Mental Health: Stigma Still High Despite Strides Made in Treatment

Superstition and stigma still limit access to mental healthcare despite efforts by the government to increase the number of health facilities that treat such conditions across the country.  Several experts raised this during an event to mark World Mental Health Day held at Kisugu Health Center III in Kampala on Monday.

Dr. Hafisa Lukwata Ssentongo, the Acting Assistant Commissioner of Mental Health in the Ministry of Health said that they have resolved to engage in awareness campaigns to dispel the wrong beliefs that people with mental illness have actually been bewitched or are possessed by evil spirits.  She says that they intend to take the campaigns to schools such that the learners can know the causes of the various mental health complications and where care can be sought.

She says that this is intended to make the students change agents in the communities to reduce the stigma about mental health. Dr. Hafisa Lukwata Ssentongo noted that the government is also building the capacity of healthcare workers so that they can be able to assess and properly diagnose different mental health conditions such as anxiety or depression and offer appropriate care to their clients.

Uganda still grapples with the lack of health workers that specialize in mental health conditions with only less than fifty trained psychiatrists for a country of more than 43 million people. Most of the mental health facilities are run by lower cadre psychiatric clinical officers. As a result, a lot of clients end up being referred to the National Mental Health Referral hospital at Butabika unnecessarily, which overwhelms the facility.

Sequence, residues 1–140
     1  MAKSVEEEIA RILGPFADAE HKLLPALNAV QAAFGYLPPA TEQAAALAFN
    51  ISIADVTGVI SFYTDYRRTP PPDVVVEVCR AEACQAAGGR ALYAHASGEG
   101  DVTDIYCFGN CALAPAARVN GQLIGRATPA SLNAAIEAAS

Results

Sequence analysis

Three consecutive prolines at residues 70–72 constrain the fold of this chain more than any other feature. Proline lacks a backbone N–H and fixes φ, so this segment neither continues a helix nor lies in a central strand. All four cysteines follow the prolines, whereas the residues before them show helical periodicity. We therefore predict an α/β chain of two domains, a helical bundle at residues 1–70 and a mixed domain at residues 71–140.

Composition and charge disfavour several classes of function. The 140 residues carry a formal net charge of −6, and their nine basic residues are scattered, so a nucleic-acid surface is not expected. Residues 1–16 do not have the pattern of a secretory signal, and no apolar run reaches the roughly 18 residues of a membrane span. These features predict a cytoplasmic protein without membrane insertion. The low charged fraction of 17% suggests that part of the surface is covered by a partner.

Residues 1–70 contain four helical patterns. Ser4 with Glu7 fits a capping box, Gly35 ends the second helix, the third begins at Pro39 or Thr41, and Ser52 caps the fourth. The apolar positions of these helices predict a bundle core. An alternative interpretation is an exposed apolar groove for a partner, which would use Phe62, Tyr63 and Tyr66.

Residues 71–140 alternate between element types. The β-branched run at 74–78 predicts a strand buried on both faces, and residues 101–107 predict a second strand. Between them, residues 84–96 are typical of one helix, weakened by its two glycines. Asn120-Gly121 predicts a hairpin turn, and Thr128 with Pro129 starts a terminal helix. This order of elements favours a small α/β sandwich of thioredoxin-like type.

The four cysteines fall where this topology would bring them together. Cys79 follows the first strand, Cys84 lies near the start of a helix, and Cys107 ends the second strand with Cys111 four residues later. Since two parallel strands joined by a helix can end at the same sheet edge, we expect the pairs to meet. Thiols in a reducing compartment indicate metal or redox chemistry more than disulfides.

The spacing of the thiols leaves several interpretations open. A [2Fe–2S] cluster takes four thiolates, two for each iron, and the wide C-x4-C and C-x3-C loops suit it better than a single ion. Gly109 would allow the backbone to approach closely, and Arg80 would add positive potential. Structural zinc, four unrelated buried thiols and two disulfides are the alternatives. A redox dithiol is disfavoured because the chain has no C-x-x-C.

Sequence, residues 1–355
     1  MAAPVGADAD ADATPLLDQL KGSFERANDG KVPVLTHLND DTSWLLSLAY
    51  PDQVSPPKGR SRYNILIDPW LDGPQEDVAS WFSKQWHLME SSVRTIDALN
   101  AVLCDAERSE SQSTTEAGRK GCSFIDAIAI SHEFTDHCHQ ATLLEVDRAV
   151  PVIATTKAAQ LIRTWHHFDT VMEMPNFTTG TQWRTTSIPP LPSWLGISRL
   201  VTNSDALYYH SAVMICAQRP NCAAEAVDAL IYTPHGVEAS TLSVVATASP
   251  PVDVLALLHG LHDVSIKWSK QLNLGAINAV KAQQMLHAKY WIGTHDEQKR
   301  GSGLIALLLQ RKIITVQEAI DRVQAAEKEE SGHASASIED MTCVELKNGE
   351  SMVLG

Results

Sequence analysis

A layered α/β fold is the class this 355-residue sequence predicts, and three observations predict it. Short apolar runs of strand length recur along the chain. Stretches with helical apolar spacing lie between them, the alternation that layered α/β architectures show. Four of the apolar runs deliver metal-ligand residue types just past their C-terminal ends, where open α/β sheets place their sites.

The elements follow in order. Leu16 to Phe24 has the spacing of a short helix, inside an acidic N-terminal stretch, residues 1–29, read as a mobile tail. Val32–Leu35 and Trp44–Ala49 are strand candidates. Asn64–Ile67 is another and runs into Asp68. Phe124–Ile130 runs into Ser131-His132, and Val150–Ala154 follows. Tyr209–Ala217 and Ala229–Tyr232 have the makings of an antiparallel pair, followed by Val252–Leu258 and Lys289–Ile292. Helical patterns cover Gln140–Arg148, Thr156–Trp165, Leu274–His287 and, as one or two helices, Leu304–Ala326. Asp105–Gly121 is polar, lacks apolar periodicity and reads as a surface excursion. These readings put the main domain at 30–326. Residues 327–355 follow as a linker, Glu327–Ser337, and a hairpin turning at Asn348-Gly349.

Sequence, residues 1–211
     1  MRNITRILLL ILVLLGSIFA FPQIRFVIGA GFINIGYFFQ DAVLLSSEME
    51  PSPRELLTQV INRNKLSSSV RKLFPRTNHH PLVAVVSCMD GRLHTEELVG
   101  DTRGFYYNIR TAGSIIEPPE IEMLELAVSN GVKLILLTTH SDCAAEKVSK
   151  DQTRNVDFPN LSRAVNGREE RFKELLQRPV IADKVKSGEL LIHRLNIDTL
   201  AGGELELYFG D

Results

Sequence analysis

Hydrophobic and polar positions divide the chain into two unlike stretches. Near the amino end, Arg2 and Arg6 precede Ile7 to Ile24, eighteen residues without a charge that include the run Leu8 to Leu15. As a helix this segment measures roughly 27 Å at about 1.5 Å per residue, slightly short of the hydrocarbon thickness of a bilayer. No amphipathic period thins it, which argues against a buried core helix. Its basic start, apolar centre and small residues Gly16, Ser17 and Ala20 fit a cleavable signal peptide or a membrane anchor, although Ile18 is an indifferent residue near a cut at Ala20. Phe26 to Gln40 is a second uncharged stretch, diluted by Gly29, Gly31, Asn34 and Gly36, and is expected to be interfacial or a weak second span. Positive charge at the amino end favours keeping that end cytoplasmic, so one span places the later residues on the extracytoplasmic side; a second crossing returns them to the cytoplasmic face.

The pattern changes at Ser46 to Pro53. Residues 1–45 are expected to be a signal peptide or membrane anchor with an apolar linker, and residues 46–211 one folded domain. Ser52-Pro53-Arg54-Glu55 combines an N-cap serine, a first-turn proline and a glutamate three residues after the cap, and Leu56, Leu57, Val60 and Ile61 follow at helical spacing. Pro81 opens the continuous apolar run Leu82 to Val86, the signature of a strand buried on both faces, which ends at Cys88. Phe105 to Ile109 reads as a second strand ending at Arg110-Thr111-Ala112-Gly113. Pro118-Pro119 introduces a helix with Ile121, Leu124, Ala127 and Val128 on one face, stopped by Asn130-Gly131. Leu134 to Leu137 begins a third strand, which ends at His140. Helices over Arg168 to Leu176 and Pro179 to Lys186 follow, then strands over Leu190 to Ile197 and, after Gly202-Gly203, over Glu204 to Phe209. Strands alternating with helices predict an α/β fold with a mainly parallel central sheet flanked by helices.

Dr. Juliet Nakku, the Executive Director of Butabika National Referral hospital, says that there has been an increasing number of admissions at the Butabika over the last two years alone with over 1100 patients admitted in one day. She says that there is a need to integrate mental health care at all levels to enable people to access treatment when they come for treatment for other illnesses such as Malaria and cough. 

The psychiatrist explains that there are risks to mental health such as disasters like landslides, wars, and infectious diseases such as COVID-19 and now Ebola which are breeding new conditions. For instance, she says as soon as the country got out of COVID-19, they started seeing lots of young children trying to commit suicide.

She further said that people are not being optimally productive because of mental health issues. 

Patrick Sambaga, the country director of Transcultural Psychosocial Organization, which treats and rehabilitates people with mental health, says the absence of awareness of mental health issues in the community is responsible for the stigmatization and violence.

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